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Dave Fildes, Amazon.com, Inc. - Director of IR [15]

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Yes. Stephen, this is Dave. Thanks for the question. As you said, and I think we mentioned this in the release, we're definitely continuing to improve the experience in India for customers and sellers. Excited by some of the response we've seen. We are continuing to invest meaningfully in digitizing those, say, MSMBs, micro, small and medium-sized businesses. We did pledge to invest $1 billion to help digitize traders and those micro and small businesses across India. And we've got a goal of bringing more than 10 million online by 2025. So this billion dollar investment will help to enable $10 billion in cumulative Indian exports by 2025.

A lot of different facets to those types of investments. I won't go into too much for specifics. But a lot of work being done there. We're also focused on job growth, job creation over there. Since we launched over in India in 2013, we've created over 700,000 direct and indirect jobs. So -- we also recently announced plans to create an additional 1 million jobs in India by 2025. So a lot of, I think, innovation, ideas, investment. That team over there continues to do a great job locally of taking a lot of the tenets that we've had at Amazon around innovation building and really run with that over there and done a great job of coming up with some interesting and new services and features that I think are specific to that region. And hopefully, as we continue to do that, we'll keep identifying areas over in India and tool sets and features over in India that we can bring back to other regions to help benefit other sellers and the other websites more broadly.

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Operator [16]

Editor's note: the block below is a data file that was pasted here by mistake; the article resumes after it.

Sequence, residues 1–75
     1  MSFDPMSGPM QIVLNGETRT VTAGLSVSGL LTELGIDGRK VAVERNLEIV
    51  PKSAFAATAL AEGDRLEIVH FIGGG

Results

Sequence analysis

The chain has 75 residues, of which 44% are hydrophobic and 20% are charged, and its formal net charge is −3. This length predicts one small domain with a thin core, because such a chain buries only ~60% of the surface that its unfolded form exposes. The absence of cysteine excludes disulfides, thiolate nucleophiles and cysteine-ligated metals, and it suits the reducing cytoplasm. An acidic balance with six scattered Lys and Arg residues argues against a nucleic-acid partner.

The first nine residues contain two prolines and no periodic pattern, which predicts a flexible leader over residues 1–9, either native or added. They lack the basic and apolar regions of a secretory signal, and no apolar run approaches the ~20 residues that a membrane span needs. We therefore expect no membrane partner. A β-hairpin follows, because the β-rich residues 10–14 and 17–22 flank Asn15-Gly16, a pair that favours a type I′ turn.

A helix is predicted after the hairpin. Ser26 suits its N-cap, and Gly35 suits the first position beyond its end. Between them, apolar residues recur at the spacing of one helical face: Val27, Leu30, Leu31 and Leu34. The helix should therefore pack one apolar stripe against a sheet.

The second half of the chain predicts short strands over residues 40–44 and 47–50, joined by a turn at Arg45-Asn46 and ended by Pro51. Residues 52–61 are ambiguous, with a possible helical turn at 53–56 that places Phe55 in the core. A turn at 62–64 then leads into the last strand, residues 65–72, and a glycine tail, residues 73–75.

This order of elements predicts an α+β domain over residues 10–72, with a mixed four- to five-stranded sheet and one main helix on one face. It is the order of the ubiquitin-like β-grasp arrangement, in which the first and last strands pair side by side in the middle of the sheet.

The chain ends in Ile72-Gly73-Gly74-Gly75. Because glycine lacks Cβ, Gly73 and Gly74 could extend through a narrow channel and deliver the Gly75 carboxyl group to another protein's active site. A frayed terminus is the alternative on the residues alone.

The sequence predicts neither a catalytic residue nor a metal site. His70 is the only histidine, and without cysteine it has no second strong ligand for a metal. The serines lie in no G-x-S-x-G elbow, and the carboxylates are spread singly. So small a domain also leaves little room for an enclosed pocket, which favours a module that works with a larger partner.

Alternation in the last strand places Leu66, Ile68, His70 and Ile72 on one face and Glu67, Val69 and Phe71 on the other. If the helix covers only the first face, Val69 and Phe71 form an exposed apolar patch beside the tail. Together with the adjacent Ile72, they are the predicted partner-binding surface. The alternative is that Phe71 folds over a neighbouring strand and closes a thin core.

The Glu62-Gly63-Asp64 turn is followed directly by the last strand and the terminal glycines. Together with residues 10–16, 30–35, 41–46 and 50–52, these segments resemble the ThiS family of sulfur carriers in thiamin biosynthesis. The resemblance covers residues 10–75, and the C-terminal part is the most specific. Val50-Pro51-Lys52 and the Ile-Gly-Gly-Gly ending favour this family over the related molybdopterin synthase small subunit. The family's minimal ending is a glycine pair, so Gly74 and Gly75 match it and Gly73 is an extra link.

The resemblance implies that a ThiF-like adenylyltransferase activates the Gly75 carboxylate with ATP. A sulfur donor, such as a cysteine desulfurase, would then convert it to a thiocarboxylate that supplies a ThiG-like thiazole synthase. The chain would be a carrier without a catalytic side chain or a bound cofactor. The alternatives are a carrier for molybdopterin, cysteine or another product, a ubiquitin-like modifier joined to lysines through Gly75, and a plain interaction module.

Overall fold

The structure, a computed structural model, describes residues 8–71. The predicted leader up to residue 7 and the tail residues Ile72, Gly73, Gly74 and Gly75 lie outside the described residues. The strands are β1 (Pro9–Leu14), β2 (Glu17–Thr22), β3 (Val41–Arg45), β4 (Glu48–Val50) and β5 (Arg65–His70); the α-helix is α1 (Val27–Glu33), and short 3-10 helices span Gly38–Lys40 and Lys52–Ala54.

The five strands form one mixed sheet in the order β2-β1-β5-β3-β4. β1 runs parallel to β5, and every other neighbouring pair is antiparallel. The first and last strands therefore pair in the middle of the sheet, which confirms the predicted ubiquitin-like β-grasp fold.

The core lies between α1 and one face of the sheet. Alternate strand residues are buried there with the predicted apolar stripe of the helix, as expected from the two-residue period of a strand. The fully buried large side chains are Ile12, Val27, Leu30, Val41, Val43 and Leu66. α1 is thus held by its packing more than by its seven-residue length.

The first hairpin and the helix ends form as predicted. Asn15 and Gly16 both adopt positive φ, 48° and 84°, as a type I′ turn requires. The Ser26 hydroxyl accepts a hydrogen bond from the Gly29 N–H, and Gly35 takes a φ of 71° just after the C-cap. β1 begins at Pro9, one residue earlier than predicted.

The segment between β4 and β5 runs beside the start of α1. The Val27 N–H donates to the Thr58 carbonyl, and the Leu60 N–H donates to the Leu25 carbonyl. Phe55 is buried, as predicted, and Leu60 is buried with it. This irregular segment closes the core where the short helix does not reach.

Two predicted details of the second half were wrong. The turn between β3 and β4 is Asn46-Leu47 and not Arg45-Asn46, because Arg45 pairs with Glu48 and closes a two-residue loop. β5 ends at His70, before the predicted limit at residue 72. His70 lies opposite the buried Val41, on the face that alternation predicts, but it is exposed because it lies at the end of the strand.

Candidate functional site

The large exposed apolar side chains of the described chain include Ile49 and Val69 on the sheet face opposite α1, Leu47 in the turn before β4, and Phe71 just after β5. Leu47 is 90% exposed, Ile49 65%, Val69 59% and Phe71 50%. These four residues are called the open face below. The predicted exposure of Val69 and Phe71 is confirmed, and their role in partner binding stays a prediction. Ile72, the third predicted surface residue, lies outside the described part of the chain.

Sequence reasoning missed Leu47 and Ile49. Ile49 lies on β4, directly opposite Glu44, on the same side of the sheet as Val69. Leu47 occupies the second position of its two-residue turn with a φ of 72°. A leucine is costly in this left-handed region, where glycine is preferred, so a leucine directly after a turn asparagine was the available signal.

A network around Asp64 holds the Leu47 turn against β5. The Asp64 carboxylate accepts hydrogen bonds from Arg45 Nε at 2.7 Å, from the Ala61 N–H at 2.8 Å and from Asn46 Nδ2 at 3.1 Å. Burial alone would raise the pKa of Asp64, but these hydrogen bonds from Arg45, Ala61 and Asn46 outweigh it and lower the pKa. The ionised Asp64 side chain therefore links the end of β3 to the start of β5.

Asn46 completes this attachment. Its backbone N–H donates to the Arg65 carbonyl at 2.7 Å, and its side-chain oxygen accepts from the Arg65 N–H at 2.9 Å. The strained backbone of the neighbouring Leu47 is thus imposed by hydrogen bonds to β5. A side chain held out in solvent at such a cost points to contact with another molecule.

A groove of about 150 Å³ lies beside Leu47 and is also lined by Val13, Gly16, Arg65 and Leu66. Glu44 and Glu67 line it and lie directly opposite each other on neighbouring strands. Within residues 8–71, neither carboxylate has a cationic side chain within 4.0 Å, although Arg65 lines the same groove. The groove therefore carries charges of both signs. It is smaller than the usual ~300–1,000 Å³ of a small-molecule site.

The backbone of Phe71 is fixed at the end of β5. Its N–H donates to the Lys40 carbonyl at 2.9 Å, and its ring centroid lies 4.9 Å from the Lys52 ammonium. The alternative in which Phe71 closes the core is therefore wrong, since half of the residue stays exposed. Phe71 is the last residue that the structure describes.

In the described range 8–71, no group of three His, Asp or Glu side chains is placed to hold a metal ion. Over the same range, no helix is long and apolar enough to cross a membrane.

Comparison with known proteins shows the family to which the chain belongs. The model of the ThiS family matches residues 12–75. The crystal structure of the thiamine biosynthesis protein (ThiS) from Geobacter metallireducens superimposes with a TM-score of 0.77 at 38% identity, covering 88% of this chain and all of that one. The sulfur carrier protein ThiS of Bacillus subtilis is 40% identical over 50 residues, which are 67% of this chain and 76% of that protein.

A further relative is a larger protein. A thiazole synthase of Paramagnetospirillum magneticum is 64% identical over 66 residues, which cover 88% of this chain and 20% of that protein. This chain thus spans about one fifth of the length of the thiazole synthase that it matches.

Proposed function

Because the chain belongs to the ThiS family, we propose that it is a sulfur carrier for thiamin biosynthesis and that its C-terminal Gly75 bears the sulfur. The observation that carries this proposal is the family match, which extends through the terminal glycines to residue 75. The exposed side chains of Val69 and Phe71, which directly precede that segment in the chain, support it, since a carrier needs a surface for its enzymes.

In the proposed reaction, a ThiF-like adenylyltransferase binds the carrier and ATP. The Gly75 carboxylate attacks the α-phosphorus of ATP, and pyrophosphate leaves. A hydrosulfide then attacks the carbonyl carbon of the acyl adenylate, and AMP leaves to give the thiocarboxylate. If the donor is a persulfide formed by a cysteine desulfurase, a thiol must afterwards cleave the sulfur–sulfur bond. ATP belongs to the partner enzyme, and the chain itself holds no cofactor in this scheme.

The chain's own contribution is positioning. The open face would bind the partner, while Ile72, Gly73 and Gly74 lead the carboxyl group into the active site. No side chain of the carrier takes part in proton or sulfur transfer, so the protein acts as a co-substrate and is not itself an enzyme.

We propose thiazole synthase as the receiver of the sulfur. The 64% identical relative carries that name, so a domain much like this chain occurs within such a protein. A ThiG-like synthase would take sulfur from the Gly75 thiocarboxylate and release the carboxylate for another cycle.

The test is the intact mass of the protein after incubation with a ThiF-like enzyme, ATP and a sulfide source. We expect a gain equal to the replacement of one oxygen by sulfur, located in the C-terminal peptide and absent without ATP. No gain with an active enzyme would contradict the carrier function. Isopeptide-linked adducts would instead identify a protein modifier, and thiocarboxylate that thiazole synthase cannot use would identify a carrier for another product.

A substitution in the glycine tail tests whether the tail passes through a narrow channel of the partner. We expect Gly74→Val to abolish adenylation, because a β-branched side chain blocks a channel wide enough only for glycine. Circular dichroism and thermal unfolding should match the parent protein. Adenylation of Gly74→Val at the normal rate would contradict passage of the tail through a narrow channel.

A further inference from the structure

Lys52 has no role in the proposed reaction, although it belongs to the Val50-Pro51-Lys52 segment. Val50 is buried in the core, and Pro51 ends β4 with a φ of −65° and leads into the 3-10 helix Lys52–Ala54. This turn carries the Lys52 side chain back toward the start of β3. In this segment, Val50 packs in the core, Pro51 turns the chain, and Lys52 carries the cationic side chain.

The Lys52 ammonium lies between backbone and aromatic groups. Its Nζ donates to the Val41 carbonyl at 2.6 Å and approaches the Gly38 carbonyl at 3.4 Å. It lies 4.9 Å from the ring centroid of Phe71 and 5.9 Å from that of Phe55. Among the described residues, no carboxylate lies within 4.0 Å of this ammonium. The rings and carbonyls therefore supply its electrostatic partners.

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Our next question comes from the line of Brian Nowak with Morgan Stanley.

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Brian Thomas Nowak, Morgan Stanley, Research Division - Research Analyst [17]

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I have 2. Just the first one, Brian, I think on one of the media interviews, you talked about how you're becoming more efficient with one-day and you continue -- with next-day delivery and continue to do so and talked about a billion dollars of cost in that current quarter. Maybe just sort of talk to us about some of the largest qualitative fix in variable cost sort of still associated with one-day and the processes and the opportunities for efficiency to really get that number down as we go throughout 2020. And then maybe any specific product categories or good categories where you've seen an acceleration in demand from one-day that you'd call out?

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Brian T. Olsavsky, Amazon.com, Inc. - Senior VP & CFO [18]

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Sure. Let me make sure the numbers are understood. We had talked about, last year, about an initial step-up in cost of close to $800 million in the second quarter. We -- that carried into Q3, slightly higher in Q3. And then in Q4, last time that we were on this call, I mentioned that we estimated Q4 would be $1.5 billion penalty. Was slightly under that despite the higher volumes and revenue growth than was in our guidance.